1. Schedule your sessions in your calendar, just like a birthday party or a dinner. When it’s on your calendar, it’s harder to neglect it, and it makes it easier to avoid being overridden by some random event;
  2. Clear out your distractions. To discover what’s distracting you on your computer, track your activities with an app called Rescuetime (free), which tracks all your activities and websites and gives you a weekly digital productivity score. Then, uninstall or lower your distracting activities, and that can open more time for music;
  3. Change your environment. Instead of just playing less of those games, completely uninstall them. Make your computer a ‘distraction-free’ place so when you sit on it, it’s to work. For example, I still have a PS4 that I occasionally play, but when I sit at my computer is to work, and that helps me stay in tune;
  4. Change your routine. To make sure I had time to produce, I spent 4 years producing from 4 AM to 7h30AM, before work since I was getting too distracted or tired after work. Find a time that works for you, and use it only for music.

4. Stop trying to do it all on your own.

We all complain that we need to do too much as producers, but at the same time, we never seek help to get stuff that we don’t like or are not so skilled at doing.

For example, most music producers don’t like marketing and social media, and would like to focus mostly on music, so why not just hire a friend who likes that and pay him for his work or give a percentage of your project to them? Applying this to music,

  1. Find a mentor who can unstick you from the issues that you’re having. A mentor can enhance your progress by making you learn faster and detecting issues that you didn’t even know existed;
  2. Hire someone to do what you’re not able to properly do or just don’t like doing, like mixing and mastering or even enhancing the sound design of your song. All big artists get external help from other producers, so why can’t you as well?;
  3. Don’t be ashamed of asking for help. If you know a friend who has done what you feel is holding you back, ask them for a call and if they can help you with the issue. It’s polite to offer to pay, but most of the time your friend will offer to help you because they’re your friend.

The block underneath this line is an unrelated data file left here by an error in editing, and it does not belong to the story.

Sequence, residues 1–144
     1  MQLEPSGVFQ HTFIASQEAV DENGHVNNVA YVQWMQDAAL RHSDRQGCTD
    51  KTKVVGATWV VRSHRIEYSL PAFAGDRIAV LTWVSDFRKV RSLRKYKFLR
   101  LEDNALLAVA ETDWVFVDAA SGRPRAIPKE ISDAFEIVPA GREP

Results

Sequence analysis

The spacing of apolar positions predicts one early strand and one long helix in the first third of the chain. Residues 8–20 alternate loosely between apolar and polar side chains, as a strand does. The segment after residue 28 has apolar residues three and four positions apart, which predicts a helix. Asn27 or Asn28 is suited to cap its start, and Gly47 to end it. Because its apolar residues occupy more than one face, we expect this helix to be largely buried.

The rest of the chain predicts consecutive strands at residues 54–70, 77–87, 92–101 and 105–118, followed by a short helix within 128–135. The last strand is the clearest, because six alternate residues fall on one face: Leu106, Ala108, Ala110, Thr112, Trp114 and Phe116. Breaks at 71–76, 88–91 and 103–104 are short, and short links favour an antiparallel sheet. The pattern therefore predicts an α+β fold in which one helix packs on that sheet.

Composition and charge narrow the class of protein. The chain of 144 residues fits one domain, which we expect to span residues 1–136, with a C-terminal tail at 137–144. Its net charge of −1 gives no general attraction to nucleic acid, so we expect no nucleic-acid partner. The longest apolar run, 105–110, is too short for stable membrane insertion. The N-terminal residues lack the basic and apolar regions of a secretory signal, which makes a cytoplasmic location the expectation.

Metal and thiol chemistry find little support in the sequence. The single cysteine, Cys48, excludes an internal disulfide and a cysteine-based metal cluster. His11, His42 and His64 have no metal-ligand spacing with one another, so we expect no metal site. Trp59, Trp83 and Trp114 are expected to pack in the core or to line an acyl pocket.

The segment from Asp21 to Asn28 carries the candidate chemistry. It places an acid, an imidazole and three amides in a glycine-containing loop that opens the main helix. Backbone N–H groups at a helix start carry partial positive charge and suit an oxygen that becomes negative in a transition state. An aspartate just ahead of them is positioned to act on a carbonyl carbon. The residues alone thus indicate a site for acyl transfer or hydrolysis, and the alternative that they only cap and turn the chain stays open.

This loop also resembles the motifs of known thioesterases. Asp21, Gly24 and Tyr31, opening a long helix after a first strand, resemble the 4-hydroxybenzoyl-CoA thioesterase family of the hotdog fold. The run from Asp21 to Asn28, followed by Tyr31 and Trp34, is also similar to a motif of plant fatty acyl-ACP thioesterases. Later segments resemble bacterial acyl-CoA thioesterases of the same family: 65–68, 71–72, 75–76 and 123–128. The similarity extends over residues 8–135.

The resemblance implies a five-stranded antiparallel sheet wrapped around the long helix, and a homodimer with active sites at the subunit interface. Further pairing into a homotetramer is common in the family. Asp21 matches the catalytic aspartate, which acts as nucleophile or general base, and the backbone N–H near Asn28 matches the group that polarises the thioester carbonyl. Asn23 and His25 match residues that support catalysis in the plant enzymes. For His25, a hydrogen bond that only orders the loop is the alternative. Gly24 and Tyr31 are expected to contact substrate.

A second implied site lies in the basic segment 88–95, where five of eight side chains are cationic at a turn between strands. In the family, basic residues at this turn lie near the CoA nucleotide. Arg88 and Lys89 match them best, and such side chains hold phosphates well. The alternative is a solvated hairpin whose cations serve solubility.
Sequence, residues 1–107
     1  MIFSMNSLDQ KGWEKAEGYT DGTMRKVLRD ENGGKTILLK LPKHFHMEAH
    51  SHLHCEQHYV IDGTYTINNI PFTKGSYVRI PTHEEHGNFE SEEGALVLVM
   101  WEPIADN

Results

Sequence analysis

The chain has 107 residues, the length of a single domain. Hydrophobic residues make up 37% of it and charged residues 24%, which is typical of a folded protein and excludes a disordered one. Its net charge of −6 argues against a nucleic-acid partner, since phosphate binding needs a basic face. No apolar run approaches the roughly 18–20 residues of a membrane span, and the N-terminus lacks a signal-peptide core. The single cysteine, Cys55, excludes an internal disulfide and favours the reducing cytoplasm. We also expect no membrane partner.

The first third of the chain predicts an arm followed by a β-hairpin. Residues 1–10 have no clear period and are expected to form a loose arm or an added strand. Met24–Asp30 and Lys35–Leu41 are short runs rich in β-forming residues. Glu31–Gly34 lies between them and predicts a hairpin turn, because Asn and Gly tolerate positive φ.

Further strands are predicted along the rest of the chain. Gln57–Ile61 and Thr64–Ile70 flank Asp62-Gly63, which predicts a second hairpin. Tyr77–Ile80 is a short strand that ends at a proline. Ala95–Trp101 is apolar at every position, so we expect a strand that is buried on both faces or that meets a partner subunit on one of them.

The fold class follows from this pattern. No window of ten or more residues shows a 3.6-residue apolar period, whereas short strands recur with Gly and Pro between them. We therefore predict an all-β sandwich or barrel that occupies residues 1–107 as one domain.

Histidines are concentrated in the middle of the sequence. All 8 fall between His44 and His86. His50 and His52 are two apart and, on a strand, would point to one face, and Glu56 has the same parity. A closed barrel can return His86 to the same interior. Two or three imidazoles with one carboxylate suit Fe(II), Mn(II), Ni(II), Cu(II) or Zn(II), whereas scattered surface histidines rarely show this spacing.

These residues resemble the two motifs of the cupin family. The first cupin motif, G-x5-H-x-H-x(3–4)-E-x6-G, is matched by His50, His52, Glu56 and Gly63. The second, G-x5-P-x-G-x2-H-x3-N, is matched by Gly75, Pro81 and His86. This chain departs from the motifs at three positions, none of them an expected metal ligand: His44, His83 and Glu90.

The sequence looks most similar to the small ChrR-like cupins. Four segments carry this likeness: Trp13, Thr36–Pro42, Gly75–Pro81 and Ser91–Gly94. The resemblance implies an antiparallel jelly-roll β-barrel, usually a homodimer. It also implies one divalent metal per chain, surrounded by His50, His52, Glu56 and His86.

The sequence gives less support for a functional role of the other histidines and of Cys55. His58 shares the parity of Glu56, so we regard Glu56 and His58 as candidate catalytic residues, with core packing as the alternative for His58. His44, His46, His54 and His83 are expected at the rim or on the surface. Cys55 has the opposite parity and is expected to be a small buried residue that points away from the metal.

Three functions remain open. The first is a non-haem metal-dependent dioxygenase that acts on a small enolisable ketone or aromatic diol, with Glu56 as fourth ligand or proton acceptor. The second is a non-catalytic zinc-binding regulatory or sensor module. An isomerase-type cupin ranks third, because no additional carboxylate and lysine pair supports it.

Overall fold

Rule of thumb, if you don’t like or don’t know how to do something that needs to be done, get someone to do it or get help to speed up your process.


How do you know if you’re not making progress with your music?

1. When you’re not happy with how your songs are ending up:

Especially if you don’t know how to fix these issues, this can prevent you from finishing your songs the way you want them and, essentially, block you making progress as an artist.

2. When you can’t fix an issue that has been haunting you:

If you’ve been stuck on the same issue or if a skill, like composition, constantly haunts you when you have to use it, put some effort into it or get some external help (feedback or mentorship) to unstick you and get you back to moving.

3. When you look 6/12 months back and you don’t see much difference:

Sometimes perspective helps, so listen to your tracks from 6/12 months ago. Often times, we don’t hear the differences from track to track, but taking a longer perspective can help us realize we ARE making progress and motivate us again.

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Leo Lauretti

Born and raised in São Paulo, Brazil, Leo Lauretti has been producing since 2013. With releases on SONY Music, Armada, Enhanced Music, Leo Lauretti accumulates multiple supports from artists like Above & Beyond, Ferry Corsten, Cosmic Gate, Nicky Romero, and many others all over the world.